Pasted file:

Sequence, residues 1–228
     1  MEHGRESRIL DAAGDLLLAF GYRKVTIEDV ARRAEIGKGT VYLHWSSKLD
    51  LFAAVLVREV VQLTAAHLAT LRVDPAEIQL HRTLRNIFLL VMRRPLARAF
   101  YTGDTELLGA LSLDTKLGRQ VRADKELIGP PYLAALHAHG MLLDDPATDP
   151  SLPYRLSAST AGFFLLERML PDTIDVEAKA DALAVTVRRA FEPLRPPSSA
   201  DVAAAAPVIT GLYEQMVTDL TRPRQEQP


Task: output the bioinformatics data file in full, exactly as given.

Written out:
Sequence, residues 1–228
     1  MEHGRESRIL DAAGDLLLAF GYRKVTIEDV ARRAEIGKGT VYLHWSSKLD
    51  LFAAVLVREV VQLTAAHLAT LRVDPAEIQL HRTLRNIFLL VMRRPLARAF
   101  YTGDTELLGA LSLDTKLGRQ VRADKELIGP PYLAALHAHG MLLDDPATDP
   151  SLPYRLSAST AGFFLLERML PDTIDVEAKA DALAVTVRRA FEPLRPPSSA
   201  DVAAAAPVIT GLYEQMVTDL TRPRQEQP